A country as diverse as its people. Laying on the northwestern tip of Africa, Morocco is quite seperated from the rest of the continent. There are the Atlas mountains to the East of the country, the sea to the North and West, and the Sahara to the South. Morocco has had a couple of different groups leading the country, from the Berbers in the beginning over to the French and the Arabs. All these influences can still be traced down in different places within the country, but the largest impact has been the Islam. This can be found anywhere: Beautiful mosques, colourful medinas, and oriental patterns everywhere. But what is also more or less visible, is the dominance of men in the public. Due to Morocco’s proximity to Europe, the country has recently seen the influence of yet another wave of cultural ideas: feminism. But as we will see, it is perhaps a different type of feminism than what we know here in western Europe.
About this blogpost
A few days ago, I reached the city of Fez, Morocco, where I will be staying for the next five weeks. In my few days here, I could already observe a big diversity within the country and people’s mindsets: Liberal views meet conservate and religious views. This is especially visible in the movement of feminism – the streets are walked by women covered in djellebas, traditional Moroccan wear, just as well by women in jeans. Increasingly more Moroccan women are talking about their rights and the equality of the sexes. But on the other hand, also campaigns against this movement are bieng started. Just this month, on the 9th of July, a campaign called ‘Be a man’ was launched on social media, which is calling men to act ‘more like a man’ by forbidding their female relatives to show off skin. And this is just a small representation of the tension between conservatives and feminists. What I want to give to you guys in this post, is a quick overview on the topic of feminism in general, how this movement is tackled in Morocco – while also addressing some of the stereotypes about women in the country.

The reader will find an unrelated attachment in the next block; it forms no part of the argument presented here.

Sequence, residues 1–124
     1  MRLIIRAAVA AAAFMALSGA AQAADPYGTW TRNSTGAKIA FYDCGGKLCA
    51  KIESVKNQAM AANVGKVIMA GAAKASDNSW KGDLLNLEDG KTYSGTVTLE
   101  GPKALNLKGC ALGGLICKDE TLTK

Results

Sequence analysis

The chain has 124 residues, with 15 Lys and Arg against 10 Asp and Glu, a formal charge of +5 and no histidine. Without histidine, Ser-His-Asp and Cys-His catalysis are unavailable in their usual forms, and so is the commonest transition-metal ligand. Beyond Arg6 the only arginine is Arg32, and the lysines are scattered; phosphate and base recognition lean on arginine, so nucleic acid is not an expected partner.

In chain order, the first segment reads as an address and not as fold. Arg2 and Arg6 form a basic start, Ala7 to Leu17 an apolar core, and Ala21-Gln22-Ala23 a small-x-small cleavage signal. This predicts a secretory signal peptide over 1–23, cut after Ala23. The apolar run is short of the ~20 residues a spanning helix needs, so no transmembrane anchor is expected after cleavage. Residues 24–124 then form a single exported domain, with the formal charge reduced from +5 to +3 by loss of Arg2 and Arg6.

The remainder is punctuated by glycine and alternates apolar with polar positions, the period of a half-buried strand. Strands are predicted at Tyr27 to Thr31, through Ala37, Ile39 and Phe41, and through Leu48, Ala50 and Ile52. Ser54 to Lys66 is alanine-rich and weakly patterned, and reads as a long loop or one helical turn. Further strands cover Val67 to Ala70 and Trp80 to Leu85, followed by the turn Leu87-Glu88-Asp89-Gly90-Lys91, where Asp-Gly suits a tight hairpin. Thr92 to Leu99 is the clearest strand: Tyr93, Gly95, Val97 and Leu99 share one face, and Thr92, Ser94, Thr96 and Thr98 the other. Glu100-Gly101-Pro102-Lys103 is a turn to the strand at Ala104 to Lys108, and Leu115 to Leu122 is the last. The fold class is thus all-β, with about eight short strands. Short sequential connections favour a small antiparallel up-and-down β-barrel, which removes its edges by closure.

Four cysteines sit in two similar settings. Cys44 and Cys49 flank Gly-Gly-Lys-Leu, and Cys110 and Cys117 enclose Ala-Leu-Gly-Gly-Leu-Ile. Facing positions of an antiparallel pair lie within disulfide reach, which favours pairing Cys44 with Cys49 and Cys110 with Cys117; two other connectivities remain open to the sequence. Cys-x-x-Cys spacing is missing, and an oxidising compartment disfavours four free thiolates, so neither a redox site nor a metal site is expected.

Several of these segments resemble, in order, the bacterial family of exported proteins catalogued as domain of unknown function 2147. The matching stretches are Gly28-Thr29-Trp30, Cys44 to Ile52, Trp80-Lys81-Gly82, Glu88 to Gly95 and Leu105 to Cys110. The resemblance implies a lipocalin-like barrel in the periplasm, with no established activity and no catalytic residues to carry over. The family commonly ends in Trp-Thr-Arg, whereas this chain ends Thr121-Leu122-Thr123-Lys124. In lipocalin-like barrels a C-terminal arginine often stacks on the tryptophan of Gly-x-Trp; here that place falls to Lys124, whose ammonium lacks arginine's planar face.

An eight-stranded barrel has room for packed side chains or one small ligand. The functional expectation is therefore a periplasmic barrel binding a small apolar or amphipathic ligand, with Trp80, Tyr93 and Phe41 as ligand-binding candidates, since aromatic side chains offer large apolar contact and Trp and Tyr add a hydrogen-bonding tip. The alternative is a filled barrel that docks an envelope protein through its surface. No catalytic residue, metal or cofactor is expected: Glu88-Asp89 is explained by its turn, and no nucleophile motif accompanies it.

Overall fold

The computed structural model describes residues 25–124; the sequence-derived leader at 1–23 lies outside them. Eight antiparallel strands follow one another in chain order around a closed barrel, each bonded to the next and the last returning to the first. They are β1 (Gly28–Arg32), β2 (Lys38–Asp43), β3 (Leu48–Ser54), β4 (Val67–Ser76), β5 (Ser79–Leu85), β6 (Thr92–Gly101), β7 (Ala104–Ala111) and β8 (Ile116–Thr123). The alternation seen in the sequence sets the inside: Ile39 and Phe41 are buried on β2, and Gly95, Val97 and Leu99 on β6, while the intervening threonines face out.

First of all, let’s get this straight – What exactly is feminism?
The term feminism is about the collection of societal and political movements that try to reduce inequalities between the genders. History has seen several waves of feminism, with the earliest feminism wave starting in the 19th century. Quick recap: The first wave was all about political equality of the sexes, like the right to vote. The second wave centered more around family life and reproductive rights. And the third wave, finally, is what we’re experiencing right now – focused on many different topics like the workplace etc.